Russia’s full-scale invasion of Ukraine has had a profound effect on the EU’s financialinterconnectivity with the region, particularly with its Eastern Neighbourhood. As well as granting EU candidate status to Ukraine (and Moldova), the EU has substantially increased its budgetary support for Ukraine. As of March 2023, the EU, its member states and European financial institutions have collectively mobilised EUR 35.9bn in budgetary assistance for Ukraine since the beginning of the war;[3] that is more than ten times greater than the total amount of budgetary support allocated to the country over the previous ten years. Belarus, by contrast, has become more isolated from the EU due to the economic sanctions imposed on it in the wake of the Ryanair incident, and later for its support of Russia’s military aggression.

Besides, the war has interrupted the post-COVID-19 recovery of FDI inflows to many countries of the region. That said, some countries do appear to have been able to benefit from the acceleration in the EU’s green transition and the relocation of European companies away from the war zone.[4] China’s ambitions in the region have strengthened, as evidenced by the high value of its greenfield investment projects. Russia, on the contrary, has been withdrawing its financial presence from the region, as it needs to deal with its own economic problems, caused by the unprecedented level of economic sanctions imposed by the West.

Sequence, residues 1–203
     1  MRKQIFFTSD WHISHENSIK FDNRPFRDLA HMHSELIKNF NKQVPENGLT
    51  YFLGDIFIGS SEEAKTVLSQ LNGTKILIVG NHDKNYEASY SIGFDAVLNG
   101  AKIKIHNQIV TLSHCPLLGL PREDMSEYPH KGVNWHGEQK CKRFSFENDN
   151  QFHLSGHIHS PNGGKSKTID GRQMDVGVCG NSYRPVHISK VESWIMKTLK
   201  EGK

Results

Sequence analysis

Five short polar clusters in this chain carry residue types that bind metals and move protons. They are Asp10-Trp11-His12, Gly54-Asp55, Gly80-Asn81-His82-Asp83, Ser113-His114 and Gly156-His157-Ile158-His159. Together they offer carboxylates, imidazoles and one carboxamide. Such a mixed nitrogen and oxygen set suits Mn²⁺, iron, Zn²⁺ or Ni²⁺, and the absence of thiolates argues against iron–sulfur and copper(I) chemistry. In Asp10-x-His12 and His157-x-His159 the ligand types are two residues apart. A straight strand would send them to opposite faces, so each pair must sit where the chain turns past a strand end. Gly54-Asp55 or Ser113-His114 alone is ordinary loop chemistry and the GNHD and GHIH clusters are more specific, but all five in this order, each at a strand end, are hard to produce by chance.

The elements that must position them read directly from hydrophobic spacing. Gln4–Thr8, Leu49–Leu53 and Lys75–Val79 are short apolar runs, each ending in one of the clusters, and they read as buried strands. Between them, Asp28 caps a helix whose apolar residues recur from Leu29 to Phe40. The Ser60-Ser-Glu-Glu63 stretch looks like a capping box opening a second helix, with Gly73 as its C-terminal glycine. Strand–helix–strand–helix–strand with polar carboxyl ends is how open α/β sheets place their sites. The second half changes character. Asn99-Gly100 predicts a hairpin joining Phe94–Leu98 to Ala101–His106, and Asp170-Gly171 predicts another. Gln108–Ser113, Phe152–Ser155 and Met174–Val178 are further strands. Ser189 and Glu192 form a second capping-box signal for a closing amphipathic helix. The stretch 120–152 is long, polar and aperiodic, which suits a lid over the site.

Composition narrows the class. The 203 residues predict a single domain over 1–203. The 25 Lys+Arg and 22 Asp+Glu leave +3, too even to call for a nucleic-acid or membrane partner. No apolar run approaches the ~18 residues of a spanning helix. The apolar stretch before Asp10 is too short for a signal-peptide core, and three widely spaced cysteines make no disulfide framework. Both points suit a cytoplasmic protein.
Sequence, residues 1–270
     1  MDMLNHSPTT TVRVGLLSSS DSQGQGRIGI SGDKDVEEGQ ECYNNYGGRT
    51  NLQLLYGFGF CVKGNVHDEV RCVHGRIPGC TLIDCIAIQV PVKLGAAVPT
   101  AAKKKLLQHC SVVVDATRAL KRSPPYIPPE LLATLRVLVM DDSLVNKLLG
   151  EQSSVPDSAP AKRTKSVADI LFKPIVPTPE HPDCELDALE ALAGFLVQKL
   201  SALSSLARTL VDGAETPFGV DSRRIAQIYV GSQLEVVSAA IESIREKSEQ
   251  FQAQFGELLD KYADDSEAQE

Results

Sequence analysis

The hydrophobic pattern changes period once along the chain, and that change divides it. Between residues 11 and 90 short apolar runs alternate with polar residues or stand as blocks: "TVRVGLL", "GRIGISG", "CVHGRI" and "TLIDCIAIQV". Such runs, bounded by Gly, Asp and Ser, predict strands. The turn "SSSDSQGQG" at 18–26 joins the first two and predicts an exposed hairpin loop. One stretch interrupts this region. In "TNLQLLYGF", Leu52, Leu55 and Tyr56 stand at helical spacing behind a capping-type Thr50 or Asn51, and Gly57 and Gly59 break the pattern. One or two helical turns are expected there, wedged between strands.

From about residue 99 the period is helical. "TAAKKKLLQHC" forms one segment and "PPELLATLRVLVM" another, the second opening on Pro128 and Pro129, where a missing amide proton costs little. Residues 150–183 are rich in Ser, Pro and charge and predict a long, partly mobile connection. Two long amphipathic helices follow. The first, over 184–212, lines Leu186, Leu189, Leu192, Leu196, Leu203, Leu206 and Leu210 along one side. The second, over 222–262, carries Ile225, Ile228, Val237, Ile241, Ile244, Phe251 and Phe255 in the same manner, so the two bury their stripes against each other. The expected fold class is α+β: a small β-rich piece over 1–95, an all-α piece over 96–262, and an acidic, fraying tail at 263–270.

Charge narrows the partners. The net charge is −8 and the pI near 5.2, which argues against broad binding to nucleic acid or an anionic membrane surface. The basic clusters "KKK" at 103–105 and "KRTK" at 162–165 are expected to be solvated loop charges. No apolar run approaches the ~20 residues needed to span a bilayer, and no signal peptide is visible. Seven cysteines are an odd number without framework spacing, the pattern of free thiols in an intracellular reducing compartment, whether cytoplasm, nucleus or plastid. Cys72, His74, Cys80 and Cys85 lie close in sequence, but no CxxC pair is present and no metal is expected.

This article is an abridged and updated version of a chapter from the joint wiiw-Bertelsmann study, Keeping Friends Closer: Why the EU should address new geoeconomic realities and get its neighbours back in the fold, Joint Study No. 2023-02, February 2023.



[1] Several other countries are important investors in the region: Canada, the United Kingdom, Switzerland and certain Persian Gulf economies.

[2] Due to data limitations and compatibility challenges, here we only refer to budgetary support provided by the EU as a whole. However, budgetary support often comes directly from individual EU member states. As a result, the figures referred to in this section represent only part of the full EU budgetary support received by East European countries.

[3] Source: A. Antezza et al., Ukraine Support Tracker, Kiel Institute for the World Economy,

[4] See O. Pindyuk (2022), Strong post-COVID FDI rebound likely to be short lived, wiiw Monthly Report No. 5.